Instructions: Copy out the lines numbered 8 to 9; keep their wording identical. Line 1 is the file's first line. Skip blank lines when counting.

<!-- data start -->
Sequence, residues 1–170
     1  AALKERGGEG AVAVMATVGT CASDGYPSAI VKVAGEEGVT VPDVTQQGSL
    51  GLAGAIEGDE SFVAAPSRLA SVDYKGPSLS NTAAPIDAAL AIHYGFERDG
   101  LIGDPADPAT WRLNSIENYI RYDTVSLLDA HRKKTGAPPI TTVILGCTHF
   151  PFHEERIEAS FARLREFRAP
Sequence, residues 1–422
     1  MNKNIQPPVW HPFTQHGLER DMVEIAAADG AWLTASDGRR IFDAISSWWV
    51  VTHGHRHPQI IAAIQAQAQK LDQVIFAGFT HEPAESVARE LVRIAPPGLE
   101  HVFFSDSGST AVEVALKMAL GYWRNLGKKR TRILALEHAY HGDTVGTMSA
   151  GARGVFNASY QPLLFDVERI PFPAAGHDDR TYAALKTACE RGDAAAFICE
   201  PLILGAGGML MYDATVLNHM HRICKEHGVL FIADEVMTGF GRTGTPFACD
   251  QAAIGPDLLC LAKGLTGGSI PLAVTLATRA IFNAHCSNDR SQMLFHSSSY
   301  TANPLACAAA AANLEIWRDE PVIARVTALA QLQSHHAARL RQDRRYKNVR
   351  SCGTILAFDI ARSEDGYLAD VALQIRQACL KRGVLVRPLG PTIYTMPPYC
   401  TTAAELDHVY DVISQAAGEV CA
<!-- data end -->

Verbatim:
    51  VTHGHRHPQI IAAIQAQAQK LDQVIFAGFT HEPAESVARE LVRIAPPGLE
   101  HVFFSDSGST AVEVALKMAL GYWRNLGKKR TRILALEHAY HGDTVGTMSA